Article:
U.S. seeks China's help on N. Korea

Goal to press Pyongyang into killing weapons effort

Bush, Jiang meeting in Texas

President may bid revival of arms talks with Beijing

October 25, 2002|By Mark Matthews | Mark Matthews,SUN NATIONAL STAFF

WASHINGTON - After 18 months in which the United States and China veered from mutual distrust to cooperation, President Bush will put the warming relations to a strategic test today, when he will ask China to put pressure on North Korea to scrap its nuclear weapons development.

Playing host at his Texas ranch to the soon-to-retire President Jiang Zemin of China, Bush is expected to offer a sweetener in return: a resumption of high-level defense talks that were suspended after China detained the crew of a U.S. spy plane that collided with a Chinese fighter jet in April last year.

U.S. officials view China as vital to bringing a peaceful end to the latest crisis with North Korea, which stunned the world this month by acknowledging that it was trying to produce highly enriched uranium, a fuel for nuclear weapons, in violation of agreements barring nuclear weapons development.

Bush hopes for a diplomatic solution to the crisis with North Korea, to avoid a military confrontation on the Korean Peninsula. About 37,000 American troops are stationed in South Korea, close to the border with the North.

China, which shares a long border with North Korea, has been a close ally of Pyongyang and a key supplier of food and fuel to the Stalinist dictatorship. But U.S. officials say China shares Washington's fear that North Korea will become a nuclear power. They want Beijing to make clear to Pyongyang that it won't succeed in dividing the international community.

"We hope they condemn it and call for it to be ended and verifiably disassembled," a senior administration official said yesterday.

After meeting with Jiang, Bush will travel to a summit of Pacific Rim leaders in Cabo San Lucas, Mexico. At that summit, the concerns surrounding North Korea are expected to dominate a meeting tomorrow that Bush will have with President Kim Dae Jung of South Korea and Prime Minister Junichiro Koizumi of Japan.

Bush's efforts to produce a united front of the Pacific allies and China against North Korea has yet to produce results. Though all those nations oppose Pyongyang's nuclear program, they have not agreed on a plan to exert pressure on the reclusive North Korean regime.

Japan has taken the first concrete step. It has said that a gradual normalization of relations between Tokyo and Pyongyang depends on North Korea's abiding by its international commitments on nuclear weapons. Normal ties could be a financial windfall for North Korea: Japan has held out the possibility of economic benefits worth billions of dollars.

Kim of South Korea appears intent on expanding his country's economic links to the North as part of his "sunshine" policy of deeper engagement with Pyongyang. South Korea also opposes abandoning the economic sweeteners contained in the 1994 accord negotiated by the United States and North Korea.

The accord calls for the United States, Japan and South Korea to supply North Korea with two comparatively weapon-proof nuclear reactors, largely paid for by Tokyo and Seoul. The United States would provide Pyongyang with a half-million gallons of heavy fuel oil a year for those reactors.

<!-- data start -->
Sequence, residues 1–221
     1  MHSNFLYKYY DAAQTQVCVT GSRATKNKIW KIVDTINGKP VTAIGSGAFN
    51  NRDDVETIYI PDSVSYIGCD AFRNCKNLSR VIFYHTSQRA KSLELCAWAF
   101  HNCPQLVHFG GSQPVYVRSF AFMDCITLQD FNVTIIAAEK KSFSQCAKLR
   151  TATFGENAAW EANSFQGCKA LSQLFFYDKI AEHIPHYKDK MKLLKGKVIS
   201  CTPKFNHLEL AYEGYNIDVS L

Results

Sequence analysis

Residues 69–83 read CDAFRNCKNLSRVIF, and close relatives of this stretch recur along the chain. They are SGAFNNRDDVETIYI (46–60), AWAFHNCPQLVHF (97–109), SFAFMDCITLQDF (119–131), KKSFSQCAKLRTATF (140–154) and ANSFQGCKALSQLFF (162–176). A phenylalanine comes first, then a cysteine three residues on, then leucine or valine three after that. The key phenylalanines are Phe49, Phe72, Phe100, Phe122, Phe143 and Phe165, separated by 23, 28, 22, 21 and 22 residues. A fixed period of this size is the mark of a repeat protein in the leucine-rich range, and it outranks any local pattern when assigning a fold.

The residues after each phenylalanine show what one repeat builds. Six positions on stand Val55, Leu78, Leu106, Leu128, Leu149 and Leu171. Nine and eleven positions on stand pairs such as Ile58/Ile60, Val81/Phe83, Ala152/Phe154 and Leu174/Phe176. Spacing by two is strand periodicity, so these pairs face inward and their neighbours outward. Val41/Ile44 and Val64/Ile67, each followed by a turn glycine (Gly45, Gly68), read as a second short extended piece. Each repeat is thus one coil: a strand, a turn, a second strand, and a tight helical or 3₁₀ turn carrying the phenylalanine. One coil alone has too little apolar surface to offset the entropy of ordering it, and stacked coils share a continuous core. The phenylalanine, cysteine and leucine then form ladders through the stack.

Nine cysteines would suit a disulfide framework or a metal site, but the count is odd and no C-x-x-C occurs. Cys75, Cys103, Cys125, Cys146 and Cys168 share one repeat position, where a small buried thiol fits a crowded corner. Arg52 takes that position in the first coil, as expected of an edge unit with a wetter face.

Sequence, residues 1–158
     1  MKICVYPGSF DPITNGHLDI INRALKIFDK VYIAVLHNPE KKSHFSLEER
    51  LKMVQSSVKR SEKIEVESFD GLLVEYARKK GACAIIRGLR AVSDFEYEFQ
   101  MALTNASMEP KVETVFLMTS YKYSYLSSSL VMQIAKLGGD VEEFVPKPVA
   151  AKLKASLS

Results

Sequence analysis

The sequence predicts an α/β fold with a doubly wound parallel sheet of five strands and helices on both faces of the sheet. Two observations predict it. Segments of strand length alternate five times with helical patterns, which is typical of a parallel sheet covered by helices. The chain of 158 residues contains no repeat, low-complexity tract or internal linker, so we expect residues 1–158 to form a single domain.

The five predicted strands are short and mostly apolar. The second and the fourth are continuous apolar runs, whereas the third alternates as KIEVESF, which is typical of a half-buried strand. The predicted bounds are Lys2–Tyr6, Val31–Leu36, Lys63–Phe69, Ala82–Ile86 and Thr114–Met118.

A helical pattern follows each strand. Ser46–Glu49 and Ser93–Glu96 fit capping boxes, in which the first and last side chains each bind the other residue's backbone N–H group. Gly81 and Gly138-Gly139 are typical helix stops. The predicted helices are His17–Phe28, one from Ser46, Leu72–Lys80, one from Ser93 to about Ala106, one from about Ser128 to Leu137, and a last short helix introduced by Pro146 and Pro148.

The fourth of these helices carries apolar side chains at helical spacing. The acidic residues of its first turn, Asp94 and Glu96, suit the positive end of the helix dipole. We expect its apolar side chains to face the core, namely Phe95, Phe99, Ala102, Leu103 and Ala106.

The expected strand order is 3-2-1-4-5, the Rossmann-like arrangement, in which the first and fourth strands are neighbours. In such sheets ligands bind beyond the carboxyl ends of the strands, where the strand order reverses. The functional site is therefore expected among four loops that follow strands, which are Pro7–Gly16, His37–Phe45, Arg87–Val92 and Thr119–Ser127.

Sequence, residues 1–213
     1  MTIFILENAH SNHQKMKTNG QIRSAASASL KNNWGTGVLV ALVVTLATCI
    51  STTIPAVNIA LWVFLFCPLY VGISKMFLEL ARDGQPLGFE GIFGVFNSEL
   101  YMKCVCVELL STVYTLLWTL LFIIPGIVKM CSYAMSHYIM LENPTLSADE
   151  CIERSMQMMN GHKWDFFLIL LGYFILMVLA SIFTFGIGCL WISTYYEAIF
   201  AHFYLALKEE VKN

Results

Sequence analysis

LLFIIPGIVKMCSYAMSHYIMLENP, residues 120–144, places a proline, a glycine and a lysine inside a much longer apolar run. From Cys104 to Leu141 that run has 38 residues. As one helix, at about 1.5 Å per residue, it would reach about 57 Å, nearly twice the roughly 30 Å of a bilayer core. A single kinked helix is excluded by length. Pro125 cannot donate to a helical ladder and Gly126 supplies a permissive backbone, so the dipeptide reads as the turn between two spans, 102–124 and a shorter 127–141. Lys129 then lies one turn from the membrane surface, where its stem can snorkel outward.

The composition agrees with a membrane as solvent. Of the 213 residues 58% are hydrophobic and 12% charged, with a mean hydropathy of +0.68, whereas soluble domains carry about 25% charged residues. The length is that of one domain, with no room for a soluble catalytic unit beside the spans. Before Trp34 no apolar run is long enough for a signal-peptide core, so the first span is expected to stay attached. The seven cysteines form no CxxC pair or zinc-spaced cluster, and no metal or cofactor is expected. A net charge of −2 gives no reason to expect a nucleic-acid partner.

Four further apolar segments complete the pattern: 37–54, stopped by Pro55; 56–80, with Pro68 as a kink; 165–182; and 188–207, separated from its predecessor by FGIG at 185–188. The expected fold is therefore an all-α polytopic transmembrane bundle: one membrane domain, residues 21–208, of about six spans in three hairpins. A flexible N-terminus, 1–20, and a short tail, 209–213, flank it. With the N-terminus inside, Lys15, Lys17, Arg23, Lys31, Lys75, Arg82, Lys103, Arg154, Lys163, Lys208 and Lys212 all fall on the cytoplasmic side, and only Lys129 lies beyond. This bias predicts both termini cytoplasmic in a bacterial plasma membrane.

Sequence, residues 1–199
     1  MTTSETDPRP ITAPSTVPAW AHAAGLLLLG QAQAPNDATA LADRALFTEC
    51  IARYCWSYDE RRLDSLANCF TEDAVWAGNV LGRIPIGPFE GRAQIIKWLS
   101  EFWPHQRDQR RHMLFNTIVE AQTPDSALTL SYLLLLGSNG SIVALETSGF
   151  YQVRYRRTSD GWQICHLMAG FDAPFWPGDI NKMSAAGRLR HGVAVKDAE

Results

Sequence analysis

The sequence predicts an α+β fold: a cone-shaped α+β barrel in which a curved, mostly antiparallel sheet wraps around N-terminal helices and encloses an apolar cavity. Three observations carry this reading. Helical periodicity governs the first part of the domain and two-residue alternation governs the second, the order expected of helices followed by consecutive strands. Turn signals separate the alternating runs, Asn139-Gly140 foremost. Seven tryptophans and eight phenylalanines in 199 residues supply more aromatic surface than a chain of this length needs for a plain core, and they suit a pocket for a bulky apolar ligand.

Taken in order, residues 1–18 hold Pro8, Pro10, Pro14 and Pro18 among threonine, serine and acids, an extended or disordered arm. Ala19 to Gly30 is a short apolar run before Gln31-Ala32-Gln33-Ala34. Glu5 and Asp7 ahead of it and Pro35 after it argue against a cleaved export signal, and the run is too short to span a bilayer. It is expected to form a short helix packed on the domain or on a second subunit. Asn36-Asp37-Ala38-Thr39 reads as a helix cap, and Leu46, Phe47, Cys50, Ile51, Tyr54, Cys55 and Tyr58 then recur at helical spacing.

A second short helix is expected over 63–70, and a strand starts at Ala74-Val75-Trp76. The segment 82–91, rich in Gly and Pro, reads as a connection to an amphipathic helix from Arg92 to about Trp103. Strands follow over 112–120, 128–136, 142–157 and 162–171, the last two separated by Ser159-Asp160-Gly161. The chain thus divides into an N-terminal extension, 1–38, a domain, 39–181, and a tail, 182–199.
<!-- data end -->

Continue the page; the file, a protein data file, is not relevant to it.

While saying the 1994 accord is effectively dead, the Bush administration says it has not decided whether to scrap the reactor and fuel-oil deals.

A White House official said Bush would not go into the meetings today and this weekend with a specific plan that he wants the other leaders to endorse. "He's going to talk and listen," the official said. Sunday, when the Pacific summit is to end, "may be too soon" for all the countries to agree on a joint plan, the official said.

Analysts cautioned against expecting China to join in a public campaign against North Korea in lockstep with the United States. Beijing would prefer to exert pressure "very subtly, their way, with very little evidence of it," said James R. Lilley, a former U.S. ambassador to China.

An immediate source of leverage, he said, is the price China charges North Korea for food and fuel.

The Bush team entered office with a tougher stance toward China than that of the Clinton administration, with Bush vowing to defend Taiwan against any Chinese assault. Relations soured further when China detained the crew of the U.S. spy plane.

But the peaceful end to that episode began an upswing in relations, which have improved since China began cooperating with the United States in the campaign against international terrorism after the Sept. 11 attacks.

Until recently, the Pentagon had resisted pressure from the White House to resume the high-level defense talks with China that were begun during the Clinton administration. Military officials complained that the talks offered China far more information on American capabilities than the United States learned about China's.

But yesterday, the Pentagon said that progress in the overall U.S.-China relationship "supports having a strategic policy dialogue between our two militaries."

"Particularly in the past year, we've seen the emergence of serious challenges to global peace and stability," said a Pentagon spokesman, Lt. Cmdr. Jeff Davis. "A strategic dialogue with China would be useful."

If such talks resume, they are likely to be more of a two-way street than in the past, said retired Rear Adm. Eric A. McVadon, a former U.S. defense and naval attache in Beijing. "The Chinese have gotten the message on reciprocity."

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